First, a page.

Are there any memories from gigs, jams, festivals and open acts which you’d like to share with us?

There’s the time I missed one of Snooks Eaglin’s final performances because I had to take my daughter to the bathroom. When i got back from that business the blues tent was so packed I couldn’t get back in... I regret it to this day. I should have let her piss her pants. I’m sure she would have understood in the future...

What are the lines that connect the legacy of Blues from United States and UK to Chile?

Nothing really. The blues was born and raised in the US... No point in attaching anything else to it...

What has made you laugh lately and what touched (emotionally) you from the local music circuits?

The comradely with my band mates... It’s been a tough couple of years for some of us but our friendship has gotten stronger against adversity. And the music keeps getting better.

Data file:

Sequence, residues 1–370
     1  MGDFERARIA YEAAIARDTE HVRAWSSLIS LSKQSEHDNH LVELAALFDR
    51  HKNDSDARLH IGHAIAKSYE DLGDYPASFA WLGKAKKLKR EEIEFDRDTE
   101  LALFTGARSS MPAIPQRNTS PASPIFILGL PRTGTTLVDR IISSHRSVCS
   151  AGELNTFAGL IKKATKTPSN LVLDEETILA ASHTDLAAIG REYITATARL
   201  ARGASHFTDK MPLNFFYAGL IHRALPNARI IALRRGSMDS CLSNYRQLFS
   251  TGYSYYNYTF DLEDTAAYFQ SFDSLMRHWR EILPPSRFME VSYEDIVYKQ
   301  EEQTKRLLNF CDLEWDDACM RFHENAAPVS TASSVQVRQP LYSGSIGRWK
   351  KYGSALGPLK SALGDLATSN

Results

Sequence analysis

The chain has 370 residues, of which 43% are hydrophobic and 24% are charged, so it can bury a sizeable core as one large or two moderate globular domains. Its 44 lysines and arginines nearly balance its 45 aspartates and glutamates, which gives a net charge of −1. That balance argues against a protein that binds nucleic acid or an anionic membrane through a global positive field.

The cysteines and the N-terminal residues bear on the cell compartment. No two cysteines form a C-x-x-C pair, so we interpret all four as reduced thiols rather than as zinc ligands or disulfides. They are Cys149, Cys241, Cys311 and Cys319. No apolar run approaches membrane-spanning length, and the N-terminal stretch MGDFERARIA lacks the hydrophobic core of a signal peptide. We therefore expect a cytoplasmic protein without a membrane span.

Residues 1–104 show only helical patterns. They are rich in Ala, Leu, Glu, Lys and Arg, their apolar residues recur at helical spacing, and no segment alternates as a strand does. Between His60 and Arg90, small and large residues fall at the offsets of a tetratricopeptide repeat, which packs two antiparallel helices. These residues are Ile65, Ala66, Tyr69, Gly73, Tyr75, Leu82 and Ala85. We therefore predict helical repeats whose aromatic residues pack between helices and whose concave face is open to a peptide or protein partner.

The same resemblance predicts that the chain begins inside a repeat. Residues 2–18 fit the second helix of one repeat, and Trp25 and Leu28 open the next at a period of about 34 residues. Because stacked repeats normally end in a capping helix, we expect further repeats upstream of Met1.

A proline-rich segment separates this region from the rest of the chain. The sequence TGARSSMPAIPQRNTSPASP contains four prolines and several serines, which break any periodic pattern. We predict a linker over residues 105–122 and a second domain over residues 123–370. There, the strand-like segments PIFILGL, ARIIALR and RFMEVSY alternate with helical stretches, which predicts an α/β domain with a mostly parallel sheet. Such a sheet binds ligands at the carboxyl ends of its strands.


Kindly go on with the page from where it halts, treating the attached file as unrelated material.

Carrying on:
From the musical point of view what are the differences between Chilean and the other South American scenes?

From what I can tell, Brazil and Argentina have deeper Blues culture... They have people who have really spread the true word... Argentina had Adrian Flores who produced some top notch blues acts up until now... In fact he is touring Brazil with Jody Williams right at this moment. My friend from Argentina, Ricardo Muñoz has T-Bone tattooed on his arm...In Brazil you got The Headcutters and Igor Prado and a label called Chico Blues which I don’t know much about but I think Flavio Guimaraes is on there and he’s an old school harp.

We got a ways to go here in Chile...

Let’s take a trip with a time machine, so where and why would you really wanna go for a whole day..?

Man I’d like to have been in the West side of Chicago when Magic Sam and Otis Rush did there back to back sets... Or in Louisiana in Cossimo Matassas studio for the Guitar slim recordings...

"I try to focus in blues from the 40s to mid 60s... I imagine that’s where most of my musical a lyrical ideas come from. Though I dig todays real blues exponents as well." (Photo: The Blues Swingers)